This seemed highly undignified to me since I had been taught that a good dog should be seen and not heard. Besides, the couple was young and both probably worked all day so I’d either have to stay outside or be forced to amuse myself alone inside all day. I just sat this possibility out. 

This went on for several days, and I began to realize I would have to do something to attract humans’ attention. Since my barker was pretty rusty, I decided my best method of attracting an employer’s attention would be to dance around my room on my rear legs whenever the right person or couple came in. It worked pretty well, and I scored several interviews with people looking for help, but they all decided on younger employees—even puppies.

After a couple of weeks, I was beginning to give up hope of finding the perfect job and was about to decide to take any job offered when an older couple walked in late on Friday evening. I was excited to see the lady glance around the rooms and then point directly at me all the way across the courtyard, and I immediately jumped into my dance routine.

The couple walked straight to me and offered their hands for a paw shake and explained they worked for Hobo Hudson, the famous writer and retired business dog and he had asked them to come by and prescreen me for a possible job.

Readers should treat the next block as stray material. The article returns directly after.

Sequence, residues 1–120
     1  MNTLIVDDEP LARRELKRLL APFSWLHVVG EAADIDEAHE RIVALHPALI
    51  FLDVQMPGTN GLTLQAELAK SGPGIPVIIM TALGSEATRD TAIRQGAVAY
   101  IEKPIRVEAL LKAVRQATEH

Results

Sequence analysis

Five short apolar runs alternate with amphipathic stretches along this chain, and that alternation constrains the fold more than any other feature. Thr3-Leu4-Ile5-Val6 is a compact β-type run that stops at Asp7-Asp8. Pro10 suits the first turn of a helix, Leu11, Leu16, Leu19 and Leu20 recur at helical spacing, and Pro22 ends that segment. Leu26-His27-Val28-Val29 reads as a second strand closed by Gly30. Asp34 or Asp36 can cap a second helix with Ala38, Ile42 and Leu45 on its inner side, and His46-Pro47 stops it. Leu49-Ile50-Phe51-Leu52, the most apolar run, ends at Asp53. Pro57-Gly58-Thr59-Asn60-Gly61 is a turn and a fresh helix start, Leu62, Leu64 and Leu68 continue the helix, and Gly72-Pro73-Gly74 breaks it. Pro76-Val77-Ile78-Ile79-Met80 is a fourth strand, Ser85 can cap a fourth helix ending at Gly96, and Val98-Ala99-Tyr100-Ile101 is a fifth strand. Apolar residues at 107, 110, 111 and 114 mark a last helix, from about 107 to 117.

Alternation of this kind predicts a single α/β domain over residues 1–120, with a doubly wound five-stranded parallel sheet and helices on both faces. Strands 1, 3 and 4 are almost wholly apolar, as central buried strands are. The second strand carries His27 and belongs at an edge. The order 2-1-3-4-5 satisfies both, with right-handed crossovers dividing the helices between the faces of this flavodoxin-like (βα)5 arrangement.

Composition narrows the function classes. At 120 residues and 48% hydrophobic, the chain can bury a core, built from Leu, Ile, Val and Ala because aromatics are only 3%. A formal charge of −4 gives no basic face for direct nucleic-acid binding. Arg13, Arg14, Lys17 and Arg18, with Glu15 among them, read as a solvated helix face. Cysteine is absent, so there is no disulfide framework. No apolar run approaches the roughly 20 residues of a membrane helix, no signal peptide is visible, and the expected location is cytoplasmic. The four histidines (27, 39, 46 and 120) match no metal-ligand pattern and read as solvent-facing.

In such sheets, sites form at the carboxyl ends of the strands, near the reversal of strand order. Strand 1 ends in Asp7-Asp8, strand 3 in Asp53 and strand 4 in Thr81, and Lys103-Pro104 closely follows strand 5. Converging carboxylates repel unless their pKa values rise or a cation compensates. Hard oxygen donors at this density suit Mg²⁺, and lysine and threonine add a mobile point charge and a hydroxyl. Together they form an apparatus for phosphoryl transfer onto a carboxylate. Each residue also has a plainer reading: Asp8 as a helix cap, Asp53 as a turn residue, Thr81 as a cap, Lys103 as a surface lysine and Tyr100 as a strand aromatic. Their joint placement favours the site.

We adjourned to a private interview area where the man explained that Hobo is 14 and wanting to slow down a little and needed some help. They asked me a series of very pointed questions, and things seemed to be going great until a squirrel ran past my nose, and I just had to jump up and chase it. As soon as I did it, my heart dropped because I just knew I had blown the interview. To my surprise, the couple just laughed it off and dismissed it as doggy high spirits.

The lady then took out her cell phone and called Hobo and gushed about what a wonderful dog I was and that she was sure I was just what Hobo was looking for. After she hung up, she told me that Hobo had authorized her to put in an application subject to his approval the next morning.

This sounded great and I gave them an enthusiastic tail wag which seemed to meet with their approval. They then left after promising to return with Hobo the next morning and went into the office to do the paperwork.


About Hobo

This was Hobo Hudson, my doggy brother, a little terrier mix with black fur. He became famous after his first attempt at writing stories, which was an article published in the newsletter of our local animal shelter, the same shelter in which I ended up years later before Hobo and his parents adopted me. Hobo’s fame quickly spread as he made a name for himself as a business dog and an adventurer. To keep his memory alive, my doggy sister, my three kitty siblings and I, Wylie Hudson, are continuing his blog. Our mom, the blog’s editor, is publishing a Hobo Hudson adventure in sequences. Click on: Foreign Business Affairs, and enjoy a different kind of pet story that combines suspense, lightheartedness and quirk.